Michigan drops legal fight to protect Great Lakes from oil pipeline

OMAHA, Neb. — Michigan abandoned a legal challenge to Enbridge Energy’s Line 5 oil pipeline on Monday, saying it will take its case to a Michigan state court, where the fight over the crude…

Michigan drops legal fight to protect Great Lakes from oil pipeline


OMAHA, Neb. — Michigan abandoned a legal challenge to Enbridge Energy’s Line 5 oil pipeline on Monday, saying it will take its case to a Michigan state court, where the fight over the crude oil line is headed for a final fight.

The decision ends a nearly 10-year effort to remove the 112-year-old pipeline under the Straits of Mackinac — a pivotal crossing between Michigan and Ontario that’s visited by thousands of tourists each year.

Environmental groups celebrated the move, but Gov. Rick Snyder thanked Enbridge for clearing the way for the state to pursue its own lawsuit — a state court action he said could result in penalties totaling nearly $100 million.

“I am grateful that Enbridge will support a constructive solution through the state court in Michigan and am hopeful that that we can continue the discussion to resolve the problems associated with Line 5,” Snyder said in a statement.

Enbridge Energy spokesman Graham White said the company “remains committed to finding a workable solution in conjunction with Michigan officials.”

Last month, U.S. District Judge Edward Lodge rejected Enbridge’s arguments that a state Department of Environmental Quality rule requiring oil to be removed if it breaks is a violation of federal law.

As part of a settlement announced Monday, Michigan will drop its case in the federal court and switch to a state court challenge. The settlement requires Enbridge to pay a $1 million penalty and work with the state to identify areas where the pipeline could be removed.

Greenpeace Michigan Executive Director Steve Tynan called the decision a “surprising and major victory” for the public.

“This law isn’t government overreach. It’s common sense,” Tynan said. “The Trump administration simply doesn’t get it. The failure to remove Line 5 from the Straits of Mackinac was an embarrassment, and we’re glad the state has stepped up to right that wrong.”

The fight over Line 5 is underway in the latest chapter of an ongoing struggle between Enbridge, which operates the pipeline, and environmentalists who oppose its continued operation.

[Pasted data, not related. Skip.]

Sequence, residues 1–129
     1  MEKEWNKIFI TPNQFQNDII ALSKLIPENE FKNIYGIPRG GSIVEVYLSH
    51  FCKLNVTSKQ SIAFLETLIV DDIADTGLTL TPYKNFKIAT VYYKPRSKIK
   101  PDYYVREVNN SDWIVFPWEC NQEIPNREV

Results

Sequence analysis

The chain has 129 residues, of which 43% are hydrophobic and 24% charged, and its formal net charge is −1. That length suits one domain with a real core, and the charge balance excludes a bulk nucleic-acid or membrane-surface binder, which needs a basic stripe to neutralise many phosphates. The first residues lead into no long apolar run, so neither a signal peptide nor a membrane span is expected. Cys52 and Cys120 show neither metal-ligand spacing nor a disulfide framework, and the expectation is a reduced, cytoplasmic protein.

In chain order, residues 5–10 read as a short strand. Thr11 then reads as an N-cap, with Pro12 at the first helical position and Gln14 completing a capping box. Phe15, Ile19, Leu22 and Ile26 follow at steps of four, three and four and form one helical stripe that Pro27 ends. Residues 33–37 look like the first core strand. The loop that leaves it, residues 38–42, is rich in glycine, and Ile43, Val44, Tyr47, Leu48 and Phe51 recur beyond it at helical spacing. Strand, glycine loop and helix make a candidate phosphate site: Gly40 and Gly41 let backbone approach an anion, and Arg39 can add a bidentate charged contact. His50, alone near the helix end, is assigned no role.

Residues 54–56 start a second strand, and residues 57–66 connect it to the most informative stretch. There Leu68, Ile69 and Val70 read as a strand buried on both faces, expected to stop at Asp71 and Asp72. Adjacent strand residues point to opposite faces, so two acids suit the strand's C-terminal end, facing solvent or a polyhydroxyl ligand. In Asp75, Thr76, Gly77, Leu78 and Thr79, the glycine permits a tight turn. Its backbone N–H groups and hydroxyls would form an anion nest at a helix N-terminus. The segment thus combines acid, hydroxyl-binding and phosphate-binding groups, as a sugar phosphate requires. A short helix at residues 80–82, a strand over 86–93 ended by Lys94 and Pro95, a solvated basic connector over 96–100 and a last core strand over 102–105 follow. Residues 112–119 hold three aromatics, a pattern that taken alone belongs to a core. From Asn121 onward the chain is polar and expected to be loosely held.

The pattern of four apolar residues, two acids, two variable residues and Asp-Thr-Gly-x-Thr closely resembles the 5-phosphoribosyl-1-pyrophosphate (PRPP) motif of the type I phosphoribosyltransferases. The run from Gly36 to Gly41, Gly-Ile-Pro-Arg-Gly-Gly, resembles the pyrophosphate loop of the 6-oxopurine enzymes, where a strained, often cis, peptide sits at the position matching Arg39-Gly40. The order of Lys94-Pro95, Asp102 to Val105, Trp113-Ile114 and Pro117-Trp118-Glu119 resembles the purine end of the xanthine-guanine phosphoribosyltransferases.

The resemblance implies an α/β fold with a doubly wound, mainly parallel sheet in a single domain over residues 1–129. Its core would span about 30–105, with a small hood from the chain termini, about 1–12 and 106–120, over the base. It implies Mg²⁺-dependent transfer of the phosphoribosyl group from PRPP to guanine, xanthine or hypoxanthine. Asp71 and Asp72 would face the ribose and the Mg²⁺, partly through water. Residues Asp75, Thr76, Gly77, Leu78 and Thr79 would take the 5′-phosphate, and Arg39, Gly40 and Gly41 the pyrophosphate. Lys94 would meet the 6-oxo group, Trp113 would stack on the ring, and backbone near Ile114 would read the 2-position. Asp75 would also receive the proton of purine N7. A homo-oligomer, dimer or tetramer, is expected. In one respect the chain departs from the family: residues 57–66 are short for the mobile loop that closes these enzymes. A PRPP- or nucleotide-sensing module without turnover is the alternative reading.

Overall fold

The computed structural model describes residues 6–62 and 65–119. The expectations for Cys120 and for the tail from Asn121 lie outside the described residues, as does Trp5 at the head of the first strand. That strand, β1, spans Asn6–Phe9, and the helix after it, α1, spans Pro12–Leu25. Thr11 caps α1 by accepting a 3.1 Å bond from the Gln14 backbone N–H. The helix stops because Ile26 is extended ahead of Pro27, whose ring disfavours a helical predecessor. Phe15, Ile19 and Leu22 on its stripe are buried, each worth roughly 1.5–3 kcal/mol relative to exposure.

On Jan. 22, 2014, an underground section of the pipeline broke and spilled crude oil and natural gas liquids into the Straits of Mackinac, linking Lakes Huron and Michigan. That spill exposed the possibility that the corrosive waters could be contaminated by aging pipelines.

A public process begun in early 2017 resulted in an agreement by Enbridge that required it to permanently remove what it called “essential infrastructure” from the Straits area within two years.

It includes three other pipelines — Blue Water Pipeline Line, Line 3 Pipeline and Line 6B Pipeline — that run under the Straits. The other pipelines remain in operation.

After Lansing-based the “Great Lakes Coalition” filed a lawsuit seeking to force the state to require the pipeline’s removal, Enbridge sued to stop the suit in federal court.

The fight centered on whether Michigan’s interpretation of a federal law regarding pipeline relocation was allowed under the auspices of the Clean Water Act.

The law states that a “reasonable length of pipeline” is required in order to “construct, operate or reconstruct” a structure on an environmentally sensitive site.

Despite Lodge’s ruling against Enbridge’s arguments, Enbridge said it was committed to preserving Line 5. On Sept. 5, it filed a $13.9 million bond to secure a 50-year lease with the National Park Service, which will oversee the overhaul of the pipeline and storage area along the straits.

The settlement filed Monday will allow the Michigan Court of Claims to determine what “essential infrastructure” must be removed from the Straits of Mackinac, and then set the penalty.

Under a 1992 law, Michigan can impose criminal penalties of up to $10 million against any person who violates the environmental protection law — including the U.S. EPA and EPA’s sister agency, the U.S. Army Corps of Engineers.

Snyder also can impose a civil penalty of up to $1 million on Enbridge’s liability under the Clean Water Act, and collect an additional $1 million from the company through penalties paid by U.S. oil refineries and other facilities.

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